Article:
FIG. 4 shows a cross-sectional view of said laydown drum 1060 from that of FIG. 3. More specifically, laydown drum 1060 is shown having at least two distinct zones, namely, a plurality of vacuum zones 1062 and a plurality of blow-off zones 1066. Also shown in this figure is fluff material deposition chute 1136 wherein SAP 138 and fluff material 136 are dispersed and mixed in air. Additionally, it is from fluff material deposition chute 1136 that SAP 138 and fluff material 136 is deposited. By way of pulling vacuum air 1063 through vacuum zones 1062, the air/particulate dispersion is directed to said vacuum zones whereupon SAP and fluff material are positioned to form a plurality of discrete wads of absorbent core material. With the additional use of blown air 1067 through blow-off zones 1066, the formation of discrete wads is improved such that the amount of loose particles of SAP and/or fluff material inadvertently positioned within the space between said wads is minimized.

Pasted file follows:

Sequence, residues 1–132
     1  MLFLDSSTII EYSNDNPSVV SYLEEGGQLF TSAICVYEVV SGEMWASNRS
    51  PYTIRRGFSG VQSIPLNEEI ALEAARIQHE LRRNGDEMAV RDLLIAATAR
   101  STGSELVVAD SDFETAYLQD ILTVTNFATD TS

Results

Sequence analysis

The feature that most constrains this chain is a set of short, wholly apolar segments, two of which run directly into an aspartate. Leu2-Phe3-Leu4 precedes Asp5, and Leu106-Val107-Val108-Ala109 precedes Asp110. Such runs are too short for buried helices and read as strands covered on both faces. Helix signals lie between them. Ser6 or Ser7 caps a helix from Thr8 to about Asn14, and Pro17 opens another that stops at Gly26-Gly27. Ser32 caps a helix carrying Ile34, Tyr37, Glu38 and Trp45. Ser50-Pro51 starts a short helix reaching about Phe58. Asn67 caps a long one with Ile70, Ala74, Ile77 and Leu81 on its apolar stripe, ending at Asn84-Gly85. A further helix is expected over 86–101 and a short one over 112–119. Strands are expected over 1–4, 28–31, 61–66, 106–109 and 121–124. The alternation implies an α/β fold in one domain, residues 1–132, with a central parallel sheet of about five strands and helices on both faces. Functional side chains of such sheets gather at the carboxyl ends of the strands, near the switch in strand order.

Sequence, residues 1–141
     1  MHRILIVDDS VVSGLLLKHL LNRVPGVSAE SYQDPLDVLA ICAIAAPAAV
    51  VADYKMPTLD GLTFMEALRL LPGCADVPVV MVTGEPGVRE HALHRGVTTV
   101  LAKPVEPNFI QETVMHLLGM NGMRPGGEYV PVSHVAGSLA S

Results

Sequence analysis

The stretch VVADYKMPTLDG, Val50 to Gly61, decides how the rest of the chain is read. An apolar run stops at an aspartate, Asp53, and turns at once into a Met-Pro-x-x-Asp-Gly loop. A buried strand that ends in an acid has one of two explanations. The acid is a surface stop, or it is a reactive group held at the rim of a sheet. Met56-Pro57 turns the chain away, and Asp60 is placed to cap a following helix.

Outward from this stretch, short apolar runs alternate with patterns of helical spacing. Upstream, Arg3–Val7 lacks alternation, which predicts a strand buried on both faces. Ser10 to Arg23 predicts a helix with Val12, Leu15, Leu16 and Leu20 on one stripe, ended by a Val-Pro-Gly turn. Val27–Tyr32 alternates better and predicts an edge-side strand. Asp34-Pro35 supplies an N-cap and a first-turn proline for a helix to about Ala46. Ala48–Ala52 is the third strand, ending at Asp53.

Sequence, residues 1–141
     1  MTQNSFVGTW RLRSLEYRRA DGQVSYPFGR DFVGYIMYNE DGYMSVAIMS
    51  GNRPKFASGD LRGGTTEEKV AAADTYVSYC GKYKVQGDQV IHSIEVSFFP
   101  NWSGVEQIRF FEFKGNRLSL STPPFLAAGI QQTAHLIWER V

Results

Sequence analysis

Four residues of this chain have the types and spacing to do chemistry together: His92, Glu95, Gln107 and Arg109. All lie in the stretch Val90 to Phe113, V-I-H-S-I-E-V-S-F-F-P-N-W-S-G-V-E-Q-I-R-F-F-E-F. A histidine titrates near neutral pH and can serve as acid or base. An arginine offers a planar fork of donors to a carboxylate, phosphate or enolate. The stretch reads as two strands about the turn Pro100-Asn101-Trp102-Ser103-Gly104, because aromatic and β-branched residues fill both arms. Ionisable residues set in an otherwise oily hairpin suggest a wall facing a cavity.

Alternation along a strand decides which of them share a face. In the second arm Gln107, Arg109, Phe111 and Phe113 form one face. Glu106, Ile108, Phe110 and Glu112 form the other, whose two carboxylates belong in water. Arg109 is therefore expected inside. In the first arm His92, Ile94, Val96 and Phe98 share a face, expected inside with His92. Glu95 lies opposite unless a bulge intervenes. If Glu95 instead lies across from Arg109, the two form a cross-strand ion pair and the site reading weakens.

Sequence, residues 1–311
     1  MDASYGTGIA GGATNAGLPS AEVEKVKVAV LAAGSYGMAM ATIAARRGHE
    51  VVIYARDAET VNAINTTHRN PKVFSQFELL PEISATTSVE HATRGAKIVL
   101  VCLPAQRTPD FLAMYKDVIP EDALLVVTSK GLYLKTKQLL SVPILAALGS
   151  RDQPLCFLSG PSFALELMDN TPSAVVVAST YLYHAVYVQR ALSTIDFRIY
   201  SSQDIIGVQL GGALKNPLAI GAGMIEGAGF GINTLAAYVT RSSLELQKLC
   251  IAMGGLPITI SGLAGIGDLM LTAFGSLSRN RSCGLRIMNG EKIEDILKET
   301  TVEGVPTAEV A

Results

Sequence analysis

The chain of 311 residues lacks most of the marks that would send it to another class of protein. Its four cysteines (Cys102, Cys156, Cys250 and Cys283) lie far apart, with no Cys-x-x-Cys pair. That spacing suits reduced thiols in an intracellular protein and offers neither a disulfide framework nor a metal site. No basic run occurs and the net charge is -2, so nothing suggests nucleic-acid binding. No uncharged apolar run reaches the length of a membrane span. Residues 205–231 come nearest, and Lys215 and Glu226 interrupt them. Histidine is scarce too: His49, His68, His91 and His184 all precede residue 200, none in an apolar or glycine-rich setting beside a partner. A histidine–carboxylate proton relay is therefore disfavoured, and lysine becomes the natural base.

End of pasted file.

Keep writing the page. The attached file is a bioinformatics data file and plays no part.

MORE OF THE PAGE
FIG. 5 shows a laid-out view of the surface of laydown drum 1060 from FIG. 4. As can be seen from this exemplary embodiment, vacuum zones 1062 are shaped similar to the desired outline of the discrete wads. Vacuum zones 1062 may be substantially air-permeable to allow vacuum to pass through. In addition, fence zones 1064 may be used to inhibit vacuum flow and thus inhibit the placement of SAP/fluff material in these locations. Fence zones 1064 may be substantially air-impermeable to inhibit vacuum to pass through. Further, it may be desirable to position said fence zones laterally adjacent said vacuum zones as shown in FIG. 5. Lastly, blow-off zones 1066 may be used to not only inhibit vacuum flow and thus limit the placement of SAP/fluff material in these locations, but also provide a permeable area for blown air to pass through and thus blow away any inadvertently positioned SAP/fluff material. The use of blow-off zones 1066 in the area in-between said vacuum zones provides the unique benefit of minimizing the amount of deposited SAP/fluff material which would ultimately be positioned within the waste region of the resulting absorbent article. Having SAP positioned in the waist region is often undesirable, for example, because the SAP particles are not contained by fluff material therein, thus said SAP particles are capable of piercing the top sheet and coming in harsh contact with the wearer. Such benefits would not otherwise be appreciated with the mere use of fence zones in these locations.